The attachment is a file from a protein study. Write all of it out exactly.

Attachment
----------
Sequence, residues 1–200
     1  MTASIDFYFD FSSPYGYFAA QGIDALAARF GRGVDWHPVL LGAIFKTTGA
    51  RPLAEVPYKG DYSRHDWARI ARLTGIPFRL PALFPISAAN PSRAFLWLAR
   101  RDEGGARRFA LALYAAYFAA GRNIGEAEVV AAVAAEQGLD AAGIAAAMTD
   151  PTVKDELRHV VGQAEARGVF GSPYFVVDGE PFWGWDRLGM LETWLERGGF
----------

Sequence, residues 1–200
     1  MTASIDFYFD FSSPYGYFAA QGIDALAARF GRGVDWHPVL LGAIFKTTGA
    51  RPLAEVPYKG DYSRHDWARI ARLTGIPFRL PALFPISAAN PSRAFLWLAR
   101  RDEGGARRFA LALYAAYFAA GRNIGEAEVV AAVAAEQGLD AAGIAAAMTD
   151  PTVKDELRHV VGQAEARGVF GSPYFVVDGE PFWGWDRLGM LETWLERGGF